Do economic sanctions actually lead to change?
Joe Biden is threatening action against Myanmar following military coup
Economic sanctions are a favourite approach of governments seeking to force change abroad without direct confrontation.
Intended to hit a nation’s pocket, they are commonly threatened - most recently by Joe Biden in response to Myanmar’s military coup - but just as frequently criticised as ineffective.
The US had set about removing sanctions on Myanmar after the country’s military junta set out a roadmap to democracy in 2008. But the extent to which they influenced political decisions in Myanmar - or in other nations where they have been applied - is contested within policy-making circles.
Why are they often unsuccessful?
Imposing sanctions on Myanmar may be difficult for the Biden administration as they would probably push the country further into China’s orbit.
World Bank figures show that the nation does $5.5m (£4m) worth of trade with the Asian superpower each year, making up 33% of all of its imports and exports. Since China has a policy of non-intervention on domestic issues, it is unlikely to change its policy as a result of the coup. By contrast, the US is not in the country’s top five trading partners
In one of the most comprehensive studies on sanctions to date, academics examined more than 100 cases and concluded that the measures were partially successful only 34% of the time.
But this success rate was heavily influenced by the type of policy change pursued, according to Newsweek. “Where it is modest - the release of a political prisoner, for example - the rate jumps up to half of cases,” the site says. “Regime change or efforts to disrupt a military adventure fare less well.”
Among the most notable failures was the US trade and travel embargo on Cuba, which lasted for more than five decades and achieved none of Washington’s policy objectives.
“More than a half-century of sanctions have not sparked a popular uprising, forced the Castros and allies from power, moderated the regime, delivered democracy, promoted economic liberalisation, cut regime ties with other communist systems, stopped foreign investment, or achieved much else of note,” Forbes reports.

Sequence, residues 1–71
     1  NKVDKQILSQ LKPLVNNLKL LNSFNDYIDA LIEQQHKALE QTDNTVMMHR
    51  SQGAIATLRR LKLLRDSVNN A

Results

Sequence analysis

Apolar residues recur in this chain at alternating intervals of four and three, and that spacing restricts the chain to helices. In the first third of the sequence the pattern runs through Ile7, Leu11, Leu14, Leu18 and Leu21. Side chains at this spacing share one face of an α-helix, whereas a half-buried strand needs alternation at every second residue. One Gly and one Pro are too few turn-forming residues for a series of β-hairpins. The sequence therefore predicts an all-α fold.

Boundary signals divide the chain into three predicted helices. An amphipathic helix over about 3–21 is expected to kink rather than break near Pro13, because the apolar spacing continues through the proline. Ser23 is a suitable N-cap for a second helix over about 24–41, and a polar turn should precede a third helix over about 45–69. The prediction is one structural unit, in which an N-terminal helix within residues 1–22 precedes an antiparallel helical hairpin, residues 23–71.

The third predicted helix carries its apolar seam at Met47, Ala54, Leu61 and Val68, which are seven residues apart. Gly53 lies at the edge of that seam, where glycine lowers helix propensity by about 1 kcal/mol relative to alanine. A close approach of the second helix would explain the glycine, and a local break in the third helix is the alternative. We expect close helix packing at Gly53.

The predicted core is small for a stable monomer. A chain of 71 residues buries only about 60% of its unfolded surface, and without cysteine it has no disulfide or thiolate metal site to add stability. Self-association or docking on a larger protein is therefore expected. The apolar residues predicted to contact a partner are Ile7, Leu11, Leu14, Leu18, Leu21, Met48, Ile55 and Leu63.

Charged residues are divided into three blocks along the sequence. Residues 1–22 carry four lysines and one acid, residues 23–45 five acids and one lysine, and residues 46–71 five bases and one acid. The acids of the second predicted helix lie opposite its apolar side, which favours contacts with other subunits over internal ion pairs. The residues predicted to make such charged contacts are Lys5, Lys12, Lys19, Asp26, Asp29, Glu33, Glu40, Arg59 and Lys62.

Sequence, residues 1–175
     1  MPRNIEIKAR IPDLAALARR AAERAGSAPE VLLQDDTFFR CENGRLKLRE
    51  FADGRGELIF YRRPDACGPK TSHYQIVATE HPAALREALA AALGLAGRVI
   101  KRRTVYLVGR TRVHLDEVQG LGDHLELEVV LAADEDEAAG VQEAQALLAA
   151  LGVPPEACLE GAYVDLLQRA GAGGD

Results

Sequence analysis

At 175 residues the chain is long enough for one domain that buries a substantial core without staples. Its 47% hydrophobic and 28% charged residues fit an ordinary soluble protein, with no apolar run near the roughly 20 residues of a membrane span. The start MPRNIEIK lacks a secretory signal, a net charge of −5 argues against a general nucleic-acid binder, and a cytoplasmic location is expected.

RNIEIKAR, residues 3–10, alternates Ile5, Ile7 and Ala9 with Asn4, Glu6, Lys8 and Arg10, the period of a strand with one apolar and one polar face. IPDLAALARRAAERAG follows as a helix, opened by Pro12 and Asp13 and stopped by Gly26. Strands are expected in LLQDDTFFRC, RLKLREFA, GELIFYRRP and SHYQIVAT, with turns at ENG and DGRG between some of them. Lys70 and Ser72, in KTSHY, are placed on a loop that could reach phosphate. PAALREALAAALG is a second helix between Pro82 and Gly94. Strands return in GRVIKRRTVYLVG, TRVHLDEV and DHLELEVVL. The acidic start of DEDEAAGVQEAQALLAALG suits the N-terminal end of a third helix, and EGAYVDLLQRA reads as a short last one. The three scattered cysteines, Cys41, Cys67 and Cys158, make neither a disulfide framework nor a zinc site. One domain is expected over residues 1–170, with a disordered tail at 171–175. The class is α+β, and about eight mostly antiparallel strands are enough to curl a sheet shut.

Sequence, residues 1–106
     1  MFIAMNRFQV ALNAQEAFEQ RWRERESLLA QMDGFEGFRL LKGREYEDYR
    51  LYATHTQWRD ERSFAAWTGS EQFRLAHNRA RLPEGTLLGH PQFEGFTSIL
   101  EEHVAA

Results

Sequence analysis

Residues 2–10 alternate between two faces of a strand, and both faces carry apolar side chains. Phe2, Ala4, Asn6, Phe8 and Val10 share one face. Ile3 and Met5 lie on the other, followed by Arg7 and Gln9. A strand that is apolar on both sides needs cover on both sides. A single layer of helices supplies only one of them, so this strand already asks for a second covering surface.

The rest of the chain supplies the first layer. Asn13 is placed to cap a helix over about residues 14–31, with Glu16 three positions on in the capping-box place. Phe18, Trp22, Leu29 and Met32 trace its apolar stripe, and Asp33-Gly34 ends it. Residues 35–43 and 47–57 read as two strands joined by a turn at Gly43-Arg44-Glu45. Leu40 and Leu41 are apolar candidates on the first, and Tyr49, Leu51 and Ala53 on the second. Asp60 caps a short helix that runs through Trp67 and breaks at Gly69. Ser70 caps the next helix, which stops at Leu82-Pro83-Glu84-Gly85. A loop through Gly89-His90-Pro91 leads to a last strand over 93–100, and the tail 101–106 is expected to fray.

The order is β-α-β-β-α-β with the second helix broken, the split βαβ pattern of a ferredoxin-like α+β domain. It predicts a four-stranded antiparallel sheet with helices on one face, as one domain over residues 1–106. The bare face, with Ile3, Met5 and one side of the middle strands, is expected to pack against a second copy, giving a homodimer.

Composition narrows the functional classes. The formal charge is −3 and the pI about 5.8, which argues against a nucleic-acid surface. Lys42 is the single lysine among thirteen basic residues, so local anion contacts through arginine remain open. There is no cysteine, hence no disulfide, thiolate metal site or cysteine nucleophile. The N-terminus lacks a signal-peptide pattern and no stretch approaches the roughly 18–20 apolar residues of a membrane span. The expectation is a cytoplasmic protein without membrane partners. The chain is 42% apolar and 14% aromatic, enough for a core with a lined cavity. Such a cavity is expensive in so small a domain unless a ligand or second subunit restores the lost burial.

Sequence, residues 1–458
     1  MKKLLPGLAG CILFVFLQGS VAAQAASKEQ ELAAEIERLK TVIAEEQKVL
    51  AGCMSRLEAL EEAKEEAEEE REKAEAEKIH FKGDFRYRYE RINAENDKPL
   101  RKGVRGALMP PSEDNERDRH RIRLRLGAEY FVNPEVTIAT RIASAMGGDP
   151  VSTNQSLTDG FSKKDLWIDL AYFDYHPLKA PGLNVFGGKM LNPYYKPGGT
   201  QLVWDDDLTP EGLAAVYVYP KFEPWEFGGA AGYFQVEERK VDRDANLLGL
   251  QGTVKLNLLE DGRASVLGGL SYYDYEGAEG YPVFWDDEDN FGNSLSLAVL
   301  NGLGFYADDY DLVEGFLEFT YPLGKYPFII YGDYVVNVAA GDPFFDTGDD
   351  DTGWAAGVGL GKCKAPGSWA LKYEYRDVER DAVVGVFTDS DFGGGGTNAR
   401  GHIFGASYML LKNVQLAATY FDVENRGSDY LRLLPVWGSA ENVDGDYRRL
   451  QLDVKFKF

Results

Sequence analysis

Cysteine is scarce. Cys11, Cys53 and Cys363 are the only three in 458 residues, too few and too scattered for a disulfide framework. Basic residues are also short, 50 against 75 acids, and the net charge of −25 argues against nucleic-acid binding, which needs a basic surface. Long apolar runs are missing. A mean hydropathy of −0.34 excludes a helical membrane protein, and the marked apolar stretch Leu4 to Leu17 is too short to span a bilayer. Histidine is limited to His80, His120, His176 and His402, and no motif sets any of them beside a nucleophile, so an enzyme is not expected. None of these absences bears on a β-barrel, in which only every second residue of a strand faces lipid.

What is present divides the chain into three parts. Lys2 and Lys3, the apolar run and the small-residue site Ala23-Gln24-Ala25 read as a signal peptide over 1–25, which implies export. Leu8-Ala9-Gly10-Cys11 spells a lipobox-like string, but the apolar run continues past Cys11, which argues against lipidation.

The evidence suggests that the longer sanctions last, the less likely they are to succeed, says Colin Rowat, professor of economics at Birmingham University, in an article on The Conversation. “This reflects a fatigue in the countries imposing them”, as well as the target state’s “growing experience evading the sanctions”, he writes.
Sanctions also often have little impact on the ruling or military elite, argues BBC diplomatic correspondent Jonathan Marcus. They have “tended to hit home against the ordinary people - the ruled - rather than against the rulers who are often the real target for pressure,” he says.
Have sanctions ever been successful?
Yes, at least in part. Experts say targeted sanctions helped to bring Iran to the negotiating table in 2015 and to agree to scale back its nuclear activities.
But The New Yorker claims the credible threat of military action was also likely to have been behind the decision. “Israel’s sabre rattling and Barack Obama’s refusal to rule out a strike on Iran’s nuclear reactors must surely have played a role,” the magazine says.
Many analysts also argue that the widespread economic sanctions, boycotts and private divestment imposed on South Africa during the 1980s contributed to the demise of the apartheid regime.
But, again, other major factors appear to have been at play. Lee Jones, author of Societies Under Siege: Exploring How International Economic Sanctions (Do Not) Work, argues that South Africa’s economy actually expanded under international sanctions, reports The Washington Post.
“The impact it had was only a modest addition to the pressure that was being brought to bear on the regime by a highly mobilised black-led coalition,” Jones says. “That was what ended apartheid in South Africa, not sanctions.”